On the mountain, though, the poor transmission was just so out of its element. Shifts happened when they did, and shift quality varied from snappy to slurred. Steering and handling were both fine, certainly not bad given the era, but the W211 E63 just wasn’t encouraging many shenanigans beyond the occasional hammer-down pull in a straight line. Through curves, the 2007 E63 was akin to cutting a tomato with a dull knife – it’d do it, eventually, but it’s uncomfortable and a bit squishy.
I slid the shifter to Park, thumbed the W211’s shifter-mounted start/stop button to shut down the snorting, quivering eight-cylinder, and slid from one bolstered black leather driver’s seat into another.
Back to the Present in the 2021 Mercedes-AMG E63 S
In the new W213 E63 S, I clicked the drive mode selector on the steering wheel over to Sport+, then thought “what the hell” and went all the way to Race. The road I was on was well-paved and low-trafficked, and I had plenty of room to play.
Prior to my day in the Valley, I’d been driving the 2021 E63 S around the Washington, D.C. area. It’s a fine car in Comfort mode, a pleasant place to sit with the “Air Balance” cabin air fragrance wafting, the outstanding Burmester sound system bumping, and the ventilated seat keeping you sweat-free. But you can just tell that the drivetrain is so unhappy in the city. “Das ist kein spaß!” the E63 S is thinking, its twin turbos waiting to spool up past a few psi and the MCT ready to change gear mid-blink if conditions demand.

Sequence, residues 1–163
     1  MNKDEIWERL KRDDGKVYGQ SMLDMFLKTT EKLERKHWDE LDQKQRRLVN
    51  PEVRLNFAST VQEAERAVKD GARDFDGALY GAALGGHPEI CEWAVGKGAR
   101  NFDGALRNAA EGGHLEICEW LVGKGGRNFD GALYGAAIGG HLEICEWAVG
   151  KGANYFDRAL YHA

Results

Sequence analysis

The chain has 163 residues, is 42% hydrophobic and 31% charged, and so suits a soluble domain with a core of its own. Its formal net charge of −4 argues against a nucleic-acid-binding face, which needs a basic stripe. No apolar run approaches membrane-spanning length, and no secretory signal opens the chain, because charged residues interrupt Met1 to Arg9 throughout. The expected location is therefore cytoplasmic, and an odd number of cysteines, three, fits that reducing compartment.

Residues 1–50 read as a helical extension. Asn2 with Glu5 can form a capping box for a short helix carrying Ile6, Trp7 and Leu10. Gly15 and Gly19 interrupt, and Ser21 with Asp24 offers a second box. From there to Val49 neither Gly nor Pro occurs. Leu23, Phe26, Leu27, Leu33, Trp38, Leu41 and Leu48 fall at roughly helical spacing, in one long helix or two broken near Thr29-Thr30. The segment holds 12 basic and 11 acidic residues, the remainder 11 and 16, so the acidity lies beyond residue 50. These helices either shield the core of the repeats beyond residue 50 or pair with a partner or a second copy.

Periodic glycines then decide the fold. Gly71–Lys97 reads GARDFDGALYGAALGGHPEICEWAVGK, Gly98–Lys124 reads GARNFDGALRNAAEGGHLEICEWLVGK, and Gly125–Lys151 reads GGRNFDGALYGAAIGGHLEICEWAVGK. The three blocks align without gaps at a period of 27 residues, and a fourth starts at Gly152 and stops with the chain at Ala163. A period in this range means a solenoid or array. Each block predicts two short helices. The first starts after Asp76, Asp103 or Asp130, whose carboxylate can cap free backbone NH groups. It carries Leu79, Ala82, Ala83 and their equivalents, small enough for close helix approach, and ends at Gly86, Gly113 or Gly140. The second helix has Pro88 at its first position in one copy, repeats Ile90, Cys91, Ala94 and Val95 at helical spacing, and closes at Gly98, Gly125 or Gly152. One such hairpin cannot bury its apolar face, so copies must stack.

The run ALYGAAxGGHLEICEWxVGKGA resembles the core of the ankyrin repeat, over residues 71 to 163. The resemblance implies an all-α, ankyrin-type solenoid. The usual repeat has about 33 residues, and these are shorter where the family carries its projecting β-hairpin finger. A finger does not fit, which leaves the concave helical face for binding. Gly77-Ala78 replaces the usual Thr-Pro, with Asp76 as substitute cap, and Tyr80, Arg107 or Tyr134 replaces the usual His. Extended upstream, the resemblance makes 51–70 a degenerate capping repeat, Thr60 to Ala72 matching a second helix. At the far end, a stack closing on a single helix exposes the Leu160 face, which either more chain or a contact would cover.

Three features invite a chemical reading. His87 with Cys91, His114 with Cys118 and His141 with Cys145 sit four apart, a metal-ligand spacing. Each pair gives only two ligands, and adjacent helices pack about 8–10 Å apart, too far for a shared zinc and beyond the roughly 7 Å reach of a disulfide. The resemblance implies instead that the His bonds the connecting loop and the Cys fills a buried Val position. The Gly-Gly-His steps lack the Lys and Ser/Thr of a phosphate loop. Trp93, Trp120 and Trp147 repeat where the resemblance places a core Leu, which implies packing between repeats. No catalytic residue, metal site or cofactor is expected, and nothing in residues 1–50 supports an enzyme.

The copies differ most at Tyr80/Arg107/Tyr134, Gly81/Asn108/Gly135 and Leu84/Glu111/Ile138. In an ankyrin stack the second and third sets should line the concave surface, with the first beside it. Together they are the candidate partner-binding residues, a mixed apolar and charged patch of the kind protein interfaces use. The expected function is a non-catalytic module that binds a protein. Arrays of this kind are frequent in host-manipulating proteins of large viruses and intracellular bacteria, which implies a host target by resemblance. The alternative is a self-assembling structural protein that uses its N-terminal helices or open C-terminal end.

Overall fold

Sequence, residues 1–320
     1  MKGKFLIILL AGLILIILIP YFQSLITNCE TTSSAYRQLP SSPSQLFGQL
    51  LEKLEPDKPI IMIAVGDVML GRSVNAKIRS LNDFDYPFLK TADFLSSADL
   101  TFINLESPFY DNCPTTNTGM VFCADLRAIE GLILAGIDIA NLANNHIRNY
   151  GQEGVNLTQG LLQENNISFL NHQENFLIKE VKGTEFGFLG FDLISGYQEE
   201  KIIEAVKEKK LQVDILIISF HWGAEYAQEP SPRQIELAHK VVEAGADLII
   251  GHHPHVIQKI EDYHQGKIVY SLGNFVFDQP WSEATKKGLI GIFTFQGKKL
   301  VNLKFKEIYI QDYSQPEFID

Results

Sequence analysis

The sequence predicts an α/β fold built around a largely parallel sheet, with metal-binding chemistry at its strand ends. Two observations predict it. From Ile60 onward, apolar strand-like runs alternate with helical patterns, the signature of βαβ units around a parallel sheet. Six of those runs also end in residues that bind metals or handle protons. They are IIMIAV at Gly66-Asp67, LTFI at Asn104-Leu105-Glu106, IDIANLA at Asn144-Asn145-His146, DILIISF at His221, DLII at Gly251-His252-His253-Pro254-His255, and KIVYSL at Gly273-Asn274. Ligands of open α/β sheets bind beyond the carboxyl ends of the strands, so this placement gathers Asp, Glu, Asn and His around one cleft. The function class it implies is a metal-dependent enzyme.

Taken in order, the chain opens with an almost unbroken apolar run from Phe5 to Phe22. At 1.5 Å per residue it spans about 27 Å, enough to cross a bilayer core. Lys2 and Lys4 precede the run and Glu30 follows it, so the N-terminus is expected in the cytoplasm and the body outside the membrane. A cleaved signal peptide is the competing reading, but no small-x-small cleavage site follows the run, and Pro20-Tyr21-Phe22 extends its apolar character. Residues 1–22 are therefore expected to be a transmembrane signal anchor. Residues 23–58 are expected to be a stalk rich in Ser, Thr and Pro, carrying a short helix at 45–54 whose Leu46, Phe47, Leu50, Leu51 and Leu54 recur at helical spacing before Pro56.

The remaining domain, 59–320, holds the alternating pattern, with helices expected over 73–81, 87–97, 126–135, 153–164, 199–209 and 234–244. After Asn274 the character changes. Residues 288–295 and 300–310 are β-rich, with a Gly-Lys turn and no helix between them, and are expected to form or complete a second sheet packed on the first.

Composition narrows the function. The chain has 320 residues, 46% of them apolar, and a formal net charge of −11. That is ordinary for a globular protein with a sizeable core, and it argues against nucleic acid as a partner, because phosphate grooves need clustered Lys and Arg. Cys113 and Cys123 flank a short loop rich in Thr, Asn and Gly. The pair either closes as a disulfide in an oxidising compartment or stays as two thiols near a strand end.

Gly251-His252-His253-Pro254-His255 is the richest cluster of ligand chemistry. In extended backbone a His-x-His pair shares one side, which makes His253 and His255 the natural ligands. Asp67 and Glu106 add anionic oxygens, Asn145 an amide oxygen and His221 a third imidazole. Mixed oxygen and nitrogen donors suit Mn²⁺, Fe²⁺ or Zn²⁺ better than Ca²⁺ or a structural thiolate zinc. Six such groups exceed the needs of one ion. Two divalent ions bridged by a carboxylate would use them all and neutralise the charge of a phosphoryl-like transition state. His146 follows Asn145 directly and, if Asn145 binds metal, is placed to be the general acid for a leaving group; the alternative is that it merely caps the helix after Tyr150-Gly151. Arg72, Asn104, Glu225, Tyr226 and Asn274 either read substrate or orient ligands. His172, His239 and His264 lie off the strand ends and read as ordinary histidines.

No, keeping the 2021 Mercedes-AMG E63 S chained up inside the D.C. Beltway just wouldn’t be fair. To me or to the car.
And so in Race mode, I turned from the parking lot onto the mountain road and let the E63S absolutely eat.
The harder I pushed the E63 S, the more rewarding and surprising it was. Here was a 4,500 pound sedan making over 600 horsepower and pound-feet, and yet it was the opposite of the older E63 through the same corners. Where the W211 left me cautious, the W213 left me confident. I had to fight the older car to do what I wanted; the 2021 was working with me instead. Corner entry and exit were both so easy, aided by relatively precise steering and always-recalculating 4Matic+ all-wheel drive. Power was always abundant, even as the digital tachometer needle shifted its pixels rapidly toward redline.